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Cottonwood Heights Journal

Plans for future growth within Cottonwood Heights are in the works

Oct 01, 2022 06:13PM ● By Cassie Goff

The Big Cottonwood Canyon Mouth activity center should be a complement to the Gravel Pit center long term. (Photo courtesy of General Plan Working Draft/Cottonwood Heights)

By Cassie Goff | [email protected]

The City of Cottonwood Heights has been working to develop a new General Plan document. The last time future visioning for the city was documented was in 2005, so the city council determined it was time to update the document. A General Plan document outlines a broad vision for the future of the community it serves.

“A general plan is an overarching visioning document,” said Community and Economic Development Director Mike Johnson. “It’s a tool city leaders can use to make decisions about the city.” 

The State of Utah requires all municipalities to have a general plan document outlining plans related to elements of transportation, water use, and moderate-income housing, at the very least. The Cottonwood Heights General Plan will also include plans related to land use, sustainability, and parks, trails, and open space.

Preparing a new or updated general plan document is a lengthy and involved process. Members of the Cottonwood Heights planning staff begin reviewing all current plans and recommendations for the city in early 2021. Then, they met with various focus groups and city committees for their input. Once feedback was incorporated into the drafted materials, information was shared over social media within the Cottonwood Heights Tomorrow planning project. On March 8, 2022, an open house was held with residents to gather public input where four different visions for the city emerged.

On July 20, members of the Planning Commission and City Council discussed their vision for the city in relation to the public comment.  

“We need to temper listening with the important gift of foresight. We need to not be paralyzed by the fear of upsetting the residents,” said Commissioner Dan Mills.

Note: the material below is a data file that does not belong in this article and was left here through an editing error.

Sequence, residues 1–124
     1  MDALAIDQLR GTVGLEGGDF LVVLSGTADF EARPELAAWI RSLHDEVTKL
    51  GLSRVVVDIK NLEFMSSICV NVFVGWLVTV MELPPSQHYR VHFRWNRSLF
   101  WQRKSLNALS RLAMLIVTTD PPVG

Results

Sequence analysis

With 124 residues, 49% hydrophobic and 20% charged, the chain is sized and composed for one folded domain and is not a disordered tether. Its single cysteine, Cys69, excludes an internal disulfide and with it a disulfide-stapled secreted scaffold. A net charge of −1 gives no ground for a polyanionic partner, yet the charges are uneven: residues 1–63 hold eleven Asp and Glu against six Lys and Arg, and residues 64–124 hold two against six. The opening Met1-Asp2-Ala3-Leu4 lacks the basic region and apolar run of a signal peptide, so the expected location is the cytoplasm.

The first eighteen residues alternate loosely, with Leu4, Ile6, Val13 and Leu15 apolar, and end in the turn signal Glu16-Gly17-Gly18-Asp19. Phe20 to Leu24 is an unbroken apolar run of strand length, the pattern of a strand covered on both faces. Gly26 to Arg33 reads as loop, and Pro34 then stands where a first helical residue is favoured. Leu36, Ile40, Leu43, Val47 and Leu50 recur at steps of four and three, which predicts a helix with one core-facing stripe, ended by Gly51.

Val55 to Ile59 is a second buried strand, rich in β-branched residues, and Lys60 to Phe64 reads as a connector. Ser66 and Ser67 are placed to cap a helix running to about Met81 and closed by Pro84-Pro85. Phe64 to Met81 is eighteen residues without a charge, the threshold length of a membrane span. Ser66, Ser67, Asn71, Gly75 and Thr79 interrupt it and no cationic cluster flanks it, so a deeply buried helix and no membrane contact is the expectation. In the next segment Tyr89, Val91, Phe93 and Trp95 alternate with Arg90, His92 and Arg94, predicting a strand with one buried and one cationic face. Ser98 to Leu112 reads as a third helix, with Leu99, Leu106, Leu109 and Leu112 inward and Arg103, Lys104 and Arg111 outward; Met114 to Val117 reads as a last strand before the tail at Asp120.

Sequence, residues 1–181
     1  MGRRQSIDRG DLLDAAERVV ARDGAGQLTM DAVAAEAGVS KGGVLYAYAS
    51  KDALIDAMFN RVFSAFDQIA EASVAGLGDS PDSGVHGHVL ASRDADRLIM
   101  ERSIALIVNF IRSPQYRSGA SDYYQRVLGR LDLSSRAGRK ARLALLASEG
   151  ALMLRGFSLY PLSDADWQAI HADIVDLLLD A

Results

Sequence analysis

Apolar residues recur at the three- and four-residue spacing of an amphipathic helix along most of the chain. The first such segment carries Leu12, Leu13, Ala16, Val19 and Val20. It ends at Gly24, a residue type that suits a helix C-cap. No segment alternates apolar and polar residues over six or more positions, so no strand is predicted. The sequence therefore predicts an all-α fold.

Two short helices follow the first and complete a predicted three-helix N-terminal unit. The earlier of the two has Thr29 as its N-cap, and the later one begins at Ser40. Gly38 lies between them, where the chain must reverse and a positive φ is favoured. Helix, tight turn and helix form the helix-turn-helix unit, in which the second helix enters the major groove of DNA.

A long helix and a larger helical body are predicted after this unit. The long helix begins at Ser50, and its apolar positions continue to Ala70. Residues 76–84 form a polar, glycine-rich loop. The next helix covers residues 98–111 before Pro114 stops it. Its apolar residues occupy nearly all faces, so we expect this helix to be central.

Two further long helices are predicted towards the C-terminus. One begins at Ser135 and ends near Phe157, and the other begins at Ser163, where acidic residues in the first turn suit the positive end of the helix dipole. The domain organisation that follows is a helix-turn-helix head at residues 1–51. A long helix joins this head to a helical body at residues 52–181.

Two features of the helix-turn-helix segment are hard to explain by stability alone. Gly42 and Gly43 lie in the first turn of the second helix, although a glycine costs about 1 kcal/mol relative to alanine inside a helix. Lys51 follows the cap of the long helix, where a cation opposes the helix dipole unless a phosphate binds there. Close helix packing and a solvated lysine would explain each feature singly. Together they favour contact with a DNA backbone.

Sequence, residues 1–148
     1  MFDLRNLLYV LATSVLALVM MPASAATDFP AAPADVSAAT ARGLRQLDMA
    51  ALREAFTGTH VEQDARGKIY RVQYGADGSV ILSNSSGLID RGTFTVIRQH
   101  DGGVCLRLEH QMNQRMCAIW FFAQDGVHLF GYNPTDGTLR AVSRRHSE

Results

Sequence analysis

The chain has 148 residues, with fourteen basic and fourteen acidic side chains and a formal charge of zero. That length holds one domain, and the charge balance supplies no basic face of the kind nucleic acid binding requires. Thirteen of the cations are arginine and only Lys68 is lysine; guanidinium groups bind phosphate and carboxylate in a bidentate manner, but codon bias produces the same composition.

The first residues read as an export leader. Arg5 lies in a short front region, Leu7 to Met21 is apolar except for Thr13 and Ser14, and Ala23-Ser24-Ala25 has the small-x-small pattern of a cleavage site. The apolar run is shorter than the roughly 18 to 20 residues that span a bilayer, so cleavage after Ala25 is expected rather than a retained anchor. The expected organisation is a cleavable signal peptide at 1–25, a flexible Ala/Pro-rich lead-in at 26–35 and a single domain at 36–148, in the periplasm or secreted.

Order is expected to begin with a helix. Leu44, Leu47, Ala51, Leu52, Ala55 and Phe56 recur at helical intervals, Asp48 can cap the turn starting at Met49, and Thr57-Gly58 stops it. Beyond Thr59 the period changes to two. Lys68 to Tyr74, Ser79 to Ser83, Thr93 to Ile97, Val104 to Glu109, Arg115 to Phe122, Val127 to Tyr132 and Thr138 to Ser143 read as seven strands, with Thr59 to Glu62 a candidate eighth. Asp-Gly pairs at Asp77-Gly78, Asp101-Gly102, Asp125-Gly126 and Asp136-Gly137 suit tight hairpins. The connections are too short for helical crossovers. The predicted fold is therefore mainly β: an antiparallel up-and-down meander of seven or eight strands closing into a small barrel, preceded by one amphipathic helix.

Johnson shared with the group that about 85% of the public feedback collected previously related to land use and housing. This opened an important conversation related to growth and development, especially as it related to housing affordability and accessibility within the city. All city leaders agreed that they need to be focused on smart and sustainable growth.

“Utah is growing. According to the 2020 Census, we are the fastest growing state,” Johnson said. “The population will double by 2040 or 2050.”

“The city will die if we do not include any more growth,” said Councilmember Doug Peterson.

“How do we grow with neighborhoods who don’t want five-story buildings right next to them? The purpose is to maintain Cottonwood Heights as a suburb and not an urban extension of Salt Lake. We want to maintain the community we live in while at the same time looking for sustainable growth,” said Mayor Mike Weichers.

“We have to get over being change-averse,” Mills said. “Some of us are going to have to sacrifice some uncomfortableness for the greater good.”

Within Cottonwood Heights, the 2020 Census identified 7,329 members of the population being under 18 years old. In addition, 52,000 students are educated within the city between all the elementary schools, Butler Middle School and Brighton High School.

“We should plan for the kids who are here today,” Johnson said. “It’s important to plan for future generations to be able to live here. We don’t want all our kids to grow up and have to move out.”

Many commissioners and councilmembers mentioned how affordability in housing and rental costs was a concern.

“The affordability of people entering the housing market is important to me. We need to focus on smart, intentional growth that preserves the community for future generations,” said Commission Jessica Chappell.

“I am concerned about the health of the community. The idea that you can’t find any place to live in Cottonwood Heights as a new college graduate is a tragedy,” Mills echoed. 

“A three bedroom or four bedroom is $2,700 per month. That’s more than my mortgage,” said Commissioner Sean Steinmann.

Peterson commented that density has not allowed for upward mobility. He mentioned how “affordable” homes go for $2,300 per month within the city.

The State of Utah tasks municipalities to accommodate for all housing types within their communities but allows for individual leadership to determine what that looks like for them.